Since I moved into Boston and decided to rely 100% on public transit to commute to work, I’ve poured through dozens of books traveling to and from work. I typically rotate between a classic, an adventure novel, and a business-esque book. I can usually get in about 45 minutes to an hour of reading every day when you count in waiting for and riding on the trains. Thinking back on it, I never would have read so many books if I were driving to and from work instead of taking the train. Who has the time to drive an hour to work, spend 8-10 hours working, drive an hour home, eat, read books, AND have a life? I’m not sure it’s possible so I definitely feel fortunate to be able to take the train to work every day. Despite the shortcomings and frustrations associated with the MBTA, it still beats the hell out of when I used to drive to work, often stuck in Boston traffic for two hours per day. That amounts to ten hours per week and 520 hours per year (equivalent of ~21 full days per year, ugh).
I’ve read a lot of diverse books but through talking with an old roommate of mine (double major in Economics and Classics) I realized that I’ve totally avoided the realm of short stories albeit unintentionally. So I decided that this month’s 30 day life experiment would be to read and review one short story each day on my commute to work. This should be a good way to put 20 new short stories in my repertoire.
To kick off this month’s experiment, I headed to the Boston Public Library. I talked to a few different librarians and they were super stoked on my concept. They printed off a list of popular short stories for me plus adding a few of their personal favorites not on that list. The list was entitled, “The 50 Best Short Stories of All Time”. I feel like with a title like that I can’t lose. The stories were binned into various themes such as: Sad and Shocking, Pop Culture Classics, Modern Writers, Twist Endings, etc. I plan to not repeat any authors as a way to get a diverse experience, then after this month is over I can go back and selectively pursue authors that I liked.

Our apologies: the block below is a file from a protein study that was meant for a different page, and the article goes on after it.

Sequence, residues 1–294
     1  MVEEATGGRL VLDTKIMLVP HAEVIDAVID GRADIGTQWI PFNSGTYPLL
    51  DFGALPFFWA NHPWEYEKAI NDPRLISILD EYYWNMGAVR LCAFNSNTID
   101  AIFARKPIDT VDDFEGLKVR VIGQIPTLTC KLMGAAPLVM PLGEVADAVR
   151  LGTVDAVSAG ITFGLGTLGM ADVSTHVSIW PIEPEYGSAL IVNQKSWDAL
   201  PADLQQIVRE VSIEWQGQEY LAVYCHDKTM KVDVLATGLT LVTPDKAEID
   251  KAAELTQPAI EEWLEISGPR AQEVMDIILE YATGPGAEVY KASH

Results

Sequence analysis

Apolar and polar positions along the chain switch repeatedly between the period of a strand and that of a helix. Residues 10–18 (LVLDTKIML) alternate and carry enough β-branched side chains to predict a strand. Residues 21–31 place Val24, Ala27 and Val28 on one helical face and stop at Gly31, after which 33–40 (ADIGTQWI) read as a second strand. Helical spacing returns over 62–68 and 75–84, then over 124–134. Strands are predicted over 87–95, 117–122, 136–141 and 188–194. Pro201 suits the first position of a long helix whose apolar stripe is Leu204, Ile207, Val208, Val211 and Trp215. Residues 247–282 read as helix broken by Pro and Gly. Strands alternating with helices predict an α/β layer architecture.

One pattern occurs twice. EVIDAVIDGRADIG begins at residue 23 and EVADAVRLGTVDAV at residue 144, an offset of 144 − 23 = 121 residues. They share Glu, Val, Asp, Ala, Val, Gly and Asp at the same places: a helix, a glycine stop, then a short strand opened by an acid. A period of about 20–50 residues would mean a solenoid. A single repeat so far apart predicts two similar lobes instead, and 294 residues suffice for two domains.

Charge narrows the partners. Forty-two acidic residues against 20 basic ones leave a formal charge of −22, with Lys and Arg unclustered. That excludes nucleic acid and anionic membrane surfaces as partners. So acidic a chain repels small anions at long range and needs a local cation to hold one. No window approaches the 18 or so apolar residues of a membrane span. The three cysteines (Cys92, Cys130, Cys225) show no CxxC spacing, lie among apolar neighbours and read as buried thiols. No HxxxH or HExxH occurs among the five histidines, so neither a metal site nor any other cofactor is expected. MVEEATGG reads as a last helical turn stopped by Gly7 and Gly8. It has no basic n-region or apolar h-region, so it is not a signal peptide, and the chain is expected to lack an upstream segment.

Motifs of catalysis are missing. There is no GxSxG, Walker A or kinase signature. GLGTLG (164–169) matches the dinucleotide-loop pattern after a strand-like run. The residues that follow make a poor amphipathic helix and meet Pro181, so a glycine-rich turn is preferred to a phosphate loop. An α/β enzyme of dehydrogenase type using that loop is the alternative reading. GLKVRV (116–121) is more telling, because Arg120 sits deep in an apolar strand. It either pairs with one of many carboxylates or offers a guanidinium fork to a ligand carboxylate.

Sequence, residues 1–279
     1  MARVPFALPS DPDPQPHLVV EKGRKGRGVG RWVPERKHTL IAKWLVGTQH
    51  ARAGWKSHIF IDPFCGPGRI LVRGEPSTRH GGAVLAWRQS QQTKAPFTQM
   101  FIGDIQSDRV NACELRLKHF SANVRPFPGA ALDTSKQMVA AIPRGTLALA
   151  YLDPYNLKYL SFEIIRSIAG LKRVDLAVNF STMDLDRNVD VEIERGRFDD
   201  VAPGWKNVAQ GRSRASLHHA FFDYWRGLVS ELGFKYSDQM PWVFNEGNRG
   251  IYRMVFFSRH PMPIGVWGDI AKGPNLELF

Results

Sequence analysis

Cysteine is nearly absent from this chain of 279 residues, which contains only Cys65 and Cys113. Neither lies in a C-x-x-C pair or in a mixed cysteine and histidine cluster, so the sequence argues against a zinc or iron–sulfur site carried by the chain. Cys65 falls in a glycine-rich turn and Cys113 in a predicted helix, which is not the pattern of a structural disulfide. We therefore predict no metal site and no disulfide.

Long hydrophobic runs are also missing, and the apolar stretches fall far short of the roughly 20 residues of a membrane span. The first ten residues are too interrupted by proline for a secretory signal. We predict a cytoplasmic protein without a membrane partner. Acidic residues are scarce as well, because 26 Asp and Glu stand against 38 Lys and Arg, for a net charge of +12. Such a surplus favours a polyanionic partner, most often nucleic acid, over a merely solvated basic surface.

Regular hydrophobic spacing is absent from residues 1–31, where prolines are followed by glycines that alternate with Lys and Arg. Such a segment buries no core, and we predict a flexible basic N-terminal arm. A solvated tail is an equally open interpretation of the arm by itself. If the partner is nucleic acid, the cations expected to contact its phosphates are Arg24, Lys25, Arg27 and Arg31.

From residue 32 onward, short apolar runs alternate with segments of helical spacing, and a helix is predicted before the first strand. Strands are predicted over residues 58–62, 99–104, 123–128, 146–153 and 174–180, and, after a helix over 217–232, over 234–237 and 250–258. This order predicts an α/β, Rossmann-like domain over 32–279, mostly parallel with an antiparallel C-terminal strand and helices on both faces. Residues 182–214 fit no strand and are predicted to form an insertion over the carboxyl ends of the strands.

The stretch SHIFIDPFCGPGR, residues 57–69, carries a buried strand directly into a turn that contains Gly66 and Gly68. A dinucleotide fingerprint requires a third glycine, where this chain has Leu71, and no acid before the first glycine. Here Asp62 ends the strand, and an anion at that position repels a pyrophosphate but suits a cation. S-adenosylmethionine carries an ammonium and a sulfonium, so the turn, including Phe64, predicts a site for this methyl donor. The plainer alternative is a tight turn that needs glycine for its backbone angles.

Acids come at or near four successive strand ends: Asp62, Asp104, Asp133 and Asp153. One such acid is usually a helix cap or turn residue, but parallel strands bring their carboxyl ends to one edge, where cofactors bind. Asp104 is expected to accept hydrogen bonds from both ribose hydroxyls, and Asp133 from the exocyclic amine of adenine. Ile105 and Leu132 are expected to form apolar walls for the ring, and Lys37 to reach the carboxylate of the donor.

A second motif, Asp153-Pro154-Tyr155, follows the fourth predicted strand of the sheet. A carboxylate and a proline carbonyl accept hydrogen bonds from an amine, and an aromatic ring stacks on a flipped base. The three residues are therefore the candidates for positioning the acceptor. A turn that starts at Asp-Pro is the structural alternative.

Over the past two years I’ve kept track of my books through a few different virtual bookshelves online. I used Virtual Bookshelf for a while which integrated well with Facebook but then they went out of business so I switched to Goodreads.com. I’ve been using Goodreads for about a year, writing short reviews on most of the books I finish. There are a few other popular virtual bookshelves that I plan to investigate throughout thsi month such as Shelfari by Amazon, Delicious Library, Library Thing, and a few others.
As with all of my life experiments thus far, I’ll be keeping a Twitter List of users associated with short stories and literature in general. Join the conversation HERE.